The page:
Alan Zoppa points me to this Letter to the Editor, which he himself wrote, but to[**] which the editor added quotation marks to. Evidently, they do not he[she? this editor?] does not believe that "co-religionists"[***] is a word. I plan to go to church with my co-religionists this Sunday.
Like so much else in the confusing, contentious Floyd Landis doping case, though, none of the answers are really that simple.
"As with" is actually the proper way to begin the second sentence. "Like" implies an upcoming simile, which, let's face it, never occurred.
In mod. use (with following dat.) often = ‘such as’, introducing a particular example of a class respecting which something is predicated.
A birth like that of Keats presents to the ordinary mind a striking instance of nature's inscrutability.
languagehat: I thought that the singularity of none was reasonable and standard. Not everything's a rule, but some rationality makes a syntax a lot easier.
none of the answers are really that simple
None means "no one" – a singular word. Therefore, NONE IS – not NONE ARE!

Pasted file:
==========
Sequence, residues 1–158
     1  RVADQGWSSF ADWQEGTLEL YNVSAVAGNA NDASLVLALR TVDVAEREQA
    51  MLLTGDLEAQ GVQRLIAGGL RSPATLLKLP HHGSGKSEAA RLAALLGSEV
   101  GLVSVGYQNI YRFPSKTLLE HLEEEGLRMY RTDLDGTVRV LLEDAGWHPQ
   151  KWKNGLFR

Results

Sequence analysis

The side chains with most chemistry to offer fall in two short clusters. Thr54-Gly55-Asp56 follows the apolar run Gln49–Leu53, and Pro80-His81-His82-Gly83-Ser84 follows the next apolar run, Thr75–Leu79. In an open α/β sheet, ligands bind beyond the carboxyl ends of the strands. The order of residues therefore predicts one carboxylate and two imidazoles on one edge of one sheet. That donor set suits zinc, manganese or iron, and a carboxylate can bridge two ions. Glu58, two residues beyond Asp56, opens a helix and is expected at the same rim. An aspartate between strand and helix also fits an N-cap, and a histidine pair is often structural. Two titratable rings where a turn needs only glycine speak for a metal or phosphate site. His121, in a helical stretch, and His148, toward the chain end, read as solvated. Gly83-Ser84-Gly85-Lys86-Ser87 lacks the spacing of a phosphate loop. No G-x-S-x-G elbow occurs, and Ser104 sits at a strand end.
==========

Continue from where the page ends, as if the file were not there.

From the third link, about the jury, what bugs me the most is the notion that the verdict "said" anything. What? I may be just your average high-school graduate, but it occurs to me that the verdict may have "read" guilty, or the jury foreman, or the bailiff or the judge (whoever reads the verdict aloud) may have "said" guilty, but I don't believe that verdicts can speak.
With an inanimate item as subject: to communicate or represent; esp. of a clock, calendar, etc., to show (a certain time or date); of a notice, to state (a certain message).
On the door..Clarissa found a notice saying, ‘Welfare Officer. Knock and enter.’
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